Awesome, huh? Let me say, that you could invent a time traveling device, go back and conduct an interview with Abraham Lincoln, then write a book about your experience, in faster time than it would take me to download the Gettysburg Address in PDF format.
That is not entirely true, but as you are staring at a blank screen for 10 minutes before finally giving up and turning everything off…. it feels true. I hate HughesNet and thus I hate Verizon.
Honestly, this is just self explanatory. Aside from driving all of our recyclables to my in-laws, our choices are nil. I wonder if global warming is even taught in schools out here.
was a small pile of rocks, with the one word…
This category covers a wide spectrum of things (including those listed above). I miss the variety of people that the city offers, I miss the variety of services the city offers, I miss the variety of places that I can buy things from and all of that within a 10 mile radius of your home. Unless you have lived in the city, you simply can not understand what convenience is. My husband would point out that all of those options contain vast crowds of people and many miles of traffic. This is something we don’t have to deal with out here. There are no lines when you do your Christmas shopping. It is almost worth it to drive the 100+ miles to shop at the Target or BestBuy, in Sherman, for Black Friday, really. Walmart may be another story though.
Of course, the trade-off’s are innumerable. When we first moved in to the house, I made the mistake of standing in a pile of fire ants. Faster than Clark Kent could change in to Superman, I had my pants ripped off and was dancing around like a lunatic. We took our two year old son to a park in Dallas, last fall, when he saw the beautifully constructed pond. He had thrown his shoes off and was working on getting his pants down before we could catch him and explain that he couldn’t be naked here, like at home. Outdoor nudity, a plus to country living.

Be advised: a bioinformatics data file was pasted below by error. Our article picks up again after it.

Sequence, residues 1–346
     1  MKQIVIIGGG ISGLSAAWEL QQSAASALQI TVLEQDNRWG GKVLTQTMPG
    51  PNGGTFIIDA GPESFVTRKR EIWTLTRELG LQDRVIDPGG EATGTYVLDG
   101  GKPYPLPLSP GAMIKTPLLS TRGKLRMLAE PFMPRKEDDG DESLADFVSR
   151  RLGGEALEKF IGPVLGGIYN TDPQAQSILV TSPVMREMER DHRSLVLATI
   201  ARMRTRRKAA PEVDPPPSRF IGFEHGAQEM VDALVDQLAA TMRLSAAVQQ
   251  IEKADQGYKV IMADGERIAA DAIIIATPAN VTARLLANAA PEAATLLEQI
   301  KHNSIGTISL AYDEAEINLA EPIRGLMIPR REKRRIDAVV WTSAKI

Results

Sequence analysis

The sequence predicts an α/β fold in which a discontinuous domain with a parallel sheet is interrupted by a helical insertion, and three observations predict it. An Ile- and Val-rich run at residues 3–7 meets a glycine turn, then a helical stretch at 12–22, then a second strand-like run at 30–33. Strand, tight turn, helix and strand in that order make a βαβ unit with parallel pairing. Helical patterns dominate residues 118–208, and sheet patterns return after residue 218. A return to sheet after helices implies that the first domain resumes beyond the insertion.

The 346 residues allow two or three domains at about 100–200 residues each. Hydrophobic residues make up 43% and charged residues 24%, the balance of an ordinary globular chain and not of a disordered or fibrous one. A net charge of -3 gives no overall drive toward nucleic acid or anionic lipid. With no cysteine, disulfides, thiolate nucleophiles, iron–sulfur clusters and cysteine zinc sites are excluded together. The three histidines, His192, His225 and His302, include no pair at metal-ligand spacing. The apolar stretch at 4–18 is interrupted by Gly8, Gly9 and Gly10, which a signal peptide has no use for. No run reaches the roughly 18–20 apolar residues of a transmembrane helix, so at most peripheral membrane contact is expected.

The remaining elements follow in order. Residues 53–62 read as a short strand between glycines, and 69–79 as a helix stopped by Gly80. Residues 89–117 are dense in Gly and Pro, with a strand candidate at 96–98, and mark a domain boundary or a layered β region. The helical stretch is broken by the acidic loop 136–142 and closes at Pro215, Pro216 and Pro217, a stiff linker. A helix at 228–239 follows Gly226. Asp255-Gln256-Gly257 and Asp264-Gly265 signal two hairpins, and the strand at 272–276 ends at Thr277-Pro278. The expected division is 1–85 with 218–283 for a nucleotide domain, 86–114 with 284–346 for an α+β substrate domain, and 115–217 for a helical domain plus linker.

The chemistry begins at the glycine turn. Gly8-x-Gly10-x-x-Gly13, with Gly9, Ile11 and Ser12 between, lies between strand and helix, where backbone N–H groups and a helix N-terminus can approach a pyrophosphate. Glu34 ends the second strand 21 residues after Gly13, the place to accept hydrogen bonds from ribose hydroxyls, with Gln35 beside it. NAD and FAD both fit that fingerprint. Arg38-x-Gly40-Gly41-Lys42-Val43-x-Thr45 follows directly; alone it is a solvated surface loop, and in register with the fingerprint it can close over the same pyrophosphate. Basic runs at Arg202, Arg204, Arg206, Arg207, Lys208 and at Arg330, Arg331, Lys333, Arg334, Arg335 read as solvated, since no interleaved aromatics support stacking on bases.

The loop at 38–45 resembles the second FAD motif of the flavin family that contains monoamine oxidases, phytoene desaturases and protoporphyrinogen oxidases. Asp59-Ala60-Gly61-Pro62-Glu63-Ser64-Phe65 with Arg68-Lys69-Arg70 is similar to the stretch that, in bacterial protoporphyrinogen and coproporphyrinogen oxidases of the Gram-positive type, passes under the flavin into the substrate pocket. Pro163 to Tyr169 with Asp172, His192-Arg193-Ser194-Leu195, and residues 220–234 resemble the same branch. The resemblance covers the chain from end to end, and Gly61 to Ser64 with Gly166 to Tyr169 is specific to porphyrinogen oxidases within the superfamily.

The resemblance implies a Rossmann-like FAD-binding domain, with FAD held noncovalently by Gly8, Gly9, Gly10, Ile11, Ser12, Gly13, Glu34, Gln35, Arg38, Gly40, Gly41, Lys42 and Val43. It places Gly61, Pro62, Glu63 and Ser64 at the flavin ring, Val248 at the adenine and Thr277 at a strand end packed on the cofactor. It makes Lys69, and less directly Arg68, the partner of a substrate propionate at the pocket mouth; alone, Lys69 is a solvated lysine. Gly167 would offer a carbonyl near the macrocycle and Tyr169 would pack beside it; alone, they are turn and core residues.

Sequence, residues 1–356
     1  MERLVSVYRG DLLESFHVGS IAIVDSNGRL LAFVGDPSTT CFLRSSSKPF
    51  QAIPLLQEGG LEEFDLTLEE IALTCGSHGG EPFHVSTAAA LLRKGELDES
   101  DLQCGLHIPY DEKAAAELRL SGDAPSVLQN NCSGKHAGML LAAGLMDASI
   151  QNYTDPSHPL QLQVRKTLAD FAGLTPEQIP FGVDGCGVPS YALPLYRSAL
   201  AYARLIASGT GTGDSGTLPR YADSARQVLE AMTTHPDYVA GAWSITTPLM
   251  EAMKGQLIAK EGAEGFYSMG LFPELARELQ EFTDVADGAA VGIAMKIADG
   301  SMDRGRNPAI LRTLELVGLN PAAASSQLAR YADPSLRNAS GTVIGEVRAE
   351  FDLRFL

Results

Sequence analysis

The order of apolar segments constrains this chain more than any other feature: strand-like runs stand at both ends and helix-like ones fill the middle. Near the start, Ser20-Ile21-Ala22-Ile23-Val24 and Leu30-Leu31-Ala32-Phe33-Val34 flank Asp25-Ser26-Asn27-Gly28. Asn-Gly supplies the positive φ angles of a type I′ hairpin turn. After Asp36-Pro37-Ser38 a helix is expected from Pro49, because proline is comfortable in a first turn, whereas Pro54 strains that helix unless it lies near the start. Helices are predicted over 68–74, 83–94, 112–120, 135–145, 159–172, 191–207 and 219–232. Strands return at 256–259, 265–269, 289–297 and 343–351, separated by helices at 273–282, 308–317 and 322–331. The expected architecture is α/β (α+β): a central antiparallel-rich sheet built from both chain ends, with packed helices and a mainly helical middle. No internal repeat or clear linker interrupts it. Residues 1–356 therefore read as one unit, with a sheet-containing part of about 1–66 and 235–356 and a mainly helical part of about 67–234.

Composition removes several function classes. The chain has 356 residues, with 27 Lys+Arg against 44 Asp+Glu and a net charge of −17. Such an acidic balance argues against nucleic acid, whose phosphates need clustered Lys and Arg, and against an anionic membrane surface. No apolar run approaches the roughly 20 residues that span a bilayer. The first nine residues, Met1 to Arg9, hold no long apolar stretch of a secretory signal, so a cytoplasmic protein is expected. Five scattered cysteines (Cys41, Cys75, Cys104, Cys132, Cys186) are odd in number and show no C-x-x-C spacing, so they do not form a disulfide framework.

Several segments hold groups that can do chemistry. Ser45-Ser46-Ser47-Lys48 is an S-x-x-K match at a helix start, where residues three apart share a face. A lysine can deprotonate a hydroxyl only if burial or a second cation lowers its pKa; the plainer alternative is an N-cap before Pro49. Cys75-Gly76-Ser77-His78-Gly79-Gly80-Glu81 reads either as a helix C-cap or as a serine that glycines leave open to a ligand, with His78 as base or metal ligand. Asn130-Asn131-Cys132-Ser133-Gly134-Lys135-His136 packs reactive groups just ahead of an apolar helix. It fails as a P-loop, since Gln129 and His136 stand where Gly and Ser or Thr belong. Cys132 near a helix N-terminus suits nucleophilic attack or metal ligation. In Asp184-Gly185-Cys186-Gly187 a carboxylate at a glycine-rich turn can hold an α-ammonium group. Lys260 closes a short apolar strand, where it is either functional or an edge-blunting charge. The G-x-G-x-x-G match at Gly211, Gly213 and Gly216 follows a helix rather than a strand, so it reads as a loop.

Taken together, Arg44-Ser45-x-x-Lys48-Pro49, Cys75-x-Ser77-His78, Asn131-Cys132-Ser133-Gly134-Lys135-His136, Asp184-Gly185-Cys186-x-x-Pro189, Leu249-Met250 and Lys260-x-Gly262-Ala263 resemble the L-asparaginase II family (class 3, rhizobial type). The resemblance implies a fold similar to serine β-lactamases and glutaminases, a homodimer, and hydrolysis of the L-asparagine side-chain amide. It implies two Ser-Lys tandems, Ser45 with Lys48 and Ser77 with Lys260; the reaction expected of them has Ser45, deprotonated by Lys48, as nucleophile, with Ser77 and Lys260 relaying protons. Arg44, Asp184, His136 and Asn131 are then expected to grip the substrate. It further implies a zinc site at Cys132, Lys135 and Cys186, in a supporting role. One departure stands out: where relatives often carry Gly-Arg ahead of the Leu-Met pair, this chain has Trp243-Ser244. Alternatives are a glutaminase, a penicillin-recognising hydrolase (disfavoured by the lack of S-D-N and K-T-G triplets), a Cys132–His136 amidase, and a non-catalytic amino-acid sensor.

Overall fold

Our children attend a small school where the principle greets every child by name each morning. Small school, a plus to country living. On the flip side, the other day when we were at a bookstore in the city, my daughter commented on a little girl wearing cowboy boots and a cowboy hat by saying, indignantly, “She is dressed like a cowboy and she doesn’t even live in the country!” The fact that she felt that this little girl was impeding on her, personal, lifestyle may end up being a problem.
When all else fails to put my yearning for the city in perspective, I can look at the sunset’s reflection on my pond and know that we made the right choice. (It also helps that I know it is all just a waiting game, and I have already told Nick when the kid’s are grown we are moving back to the city. He has laid down some terms and conditions but has reluctantly agreed.)
One thought on “16. Things that I miss”
Wow – that is a *lot* to miss. I hope there are things to make up for what’s missing. I’ve lived in the middle of the woods in the Ozarks, cities in the US Northeast and Southwest and finally now Canada’s largest city and I’m not sure there is anything that could ever make leave. Of course, who knows? Back in that Ozark Mountain yurt with my partner and toddler I would vehemently say how little I ever wanted to move back to even a town let alone a city but here I am!